Date: Wed, 19 Jun 2013 10:24:57 +0200
How ridiciulous can a government get?
- OK, not content with planning on bringing in identity cards to make finding terrorists easier (presumably you just arrest them when they apply for a card and put 'terrorist' or 'extremist' on their application form...) based on what can only be called seriously flawed technology, but now they have decided that anyone who actually agrees with someone that they have decided is a terrorist is guilty of treason. Now, let us bear in mind that Nelson Mandela was, technically, a terrorist, using todays definitions of the term. Also, of course, the IRA were (are?) terrorists. Just as they lay down their arms, their entire political wing will become guilty of treason because they stand for the same cause as the IRA and are happy to say that they understand the reasons for the armed conflict. So, if I say that I could understand it if the IRA went back on its decision to lay down its arms, and renew the fight because their political representatives have all just been branded criminals, I too would be guilty of treason. So I better not say that. However, I suppose we could note that the Government are, in that way that governments are absolutely not meant to, have said that they have specific people in mind for the new interpretations and new measures being proposed. The fact that these people are all Muslims presumably has impact on whether Blair has just made himself a target of his own recent anti-religious hatred laws. He insists on whipping up a frenzy about how bad the Islamic fundamentalists are, whilst deciding not to apply the same criteria to the Catholic groups responsible for the UK having (probably) the best counter-insurgency troops in the world.
While on the topic, it might be worth thinking about the fact that we are, as far as I am aware, in an ongoing state of emergency in the UK. Consequently, due to some very poorly thought out (one might say knee-jerk) legislation brought into effect last year (the Civil Contingencies act) ministers (and anyone they appoint for the purpose) can make laws up as they go along. So are the things Blair has been saying recently already law? As far as I can tell there is no prescribed wording needed for things to be laws under the Civic Contingencies act, so I guess they are. On a side note of course, this presumably means that if Blairs kids don't go to bed when they are told, they are probably committing criminal offences. But there is nothing new there...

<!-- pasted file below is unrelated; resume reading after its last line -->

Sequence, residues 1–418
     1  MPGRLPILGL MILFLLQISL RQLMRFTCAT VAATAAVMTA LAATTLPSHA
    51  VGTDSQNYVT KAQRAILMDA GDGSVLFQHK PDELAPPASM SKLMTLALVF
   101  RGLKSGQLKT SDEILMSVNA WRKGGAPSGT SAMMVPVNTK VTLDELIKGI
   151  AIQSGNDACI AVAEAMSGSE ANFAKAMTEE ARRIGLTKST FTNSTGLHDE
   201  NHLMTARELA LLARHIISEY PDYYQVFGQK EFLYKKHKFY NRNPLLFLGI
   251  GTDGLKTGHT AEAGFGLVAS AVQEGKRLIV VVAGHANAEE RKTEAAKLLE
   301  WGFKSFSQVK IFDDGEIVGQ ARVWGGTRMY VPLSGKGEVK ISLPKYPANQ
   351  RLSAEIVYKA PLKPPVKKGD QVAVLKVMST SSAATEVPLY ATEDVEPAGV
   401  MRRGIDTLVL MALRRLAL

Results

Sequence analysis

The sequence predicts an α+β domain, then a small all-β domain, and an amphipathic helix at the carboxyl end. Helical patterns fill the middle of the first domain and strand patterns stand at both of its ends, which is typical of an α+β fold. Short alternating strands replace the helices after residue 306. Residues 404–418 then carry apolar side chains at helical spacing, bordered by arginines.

OK, so it looks as though Blair is making the law up as he goes along, having passed a law which lets him do so. Wouldn't it have been sensible to change the law he also just got enacted which makes it a crime to incite religious hatred before starting to incite religious hatred? Maybe that would be too far thinking of him. Anyway, as far as I can see, it no longer makes any difference whether the invasion of Iraq was legal in international terms - Blair is breaking his own laws almost as far as he can make them up. And he plans to retire from parliament. At which point he will no longer have a privileged position, and any cop who fails to arrest him and his co-conspirators should probably be arrested themselves for dereliction of duty.
None of that will happen of course, because the British, in their usual way, will go, "A new law huh? does it make sense? let's see... nope. Then we will just ignore it."
Mind you, I guess GCHQ will now monitor my every electronic footfall weighing up whether I am a deep seated apologist for terrorism. After all, I wear sandals, have long hair and a beard, and have been known to contribute to such scary organisations as GreenPeace. The writing is on the wall... I don't much fancy gaol, or at least I don't much fancy the intimate relations with the other inmates. Gaol itself seems like quite a nice idea, if they will let me have an internet connection...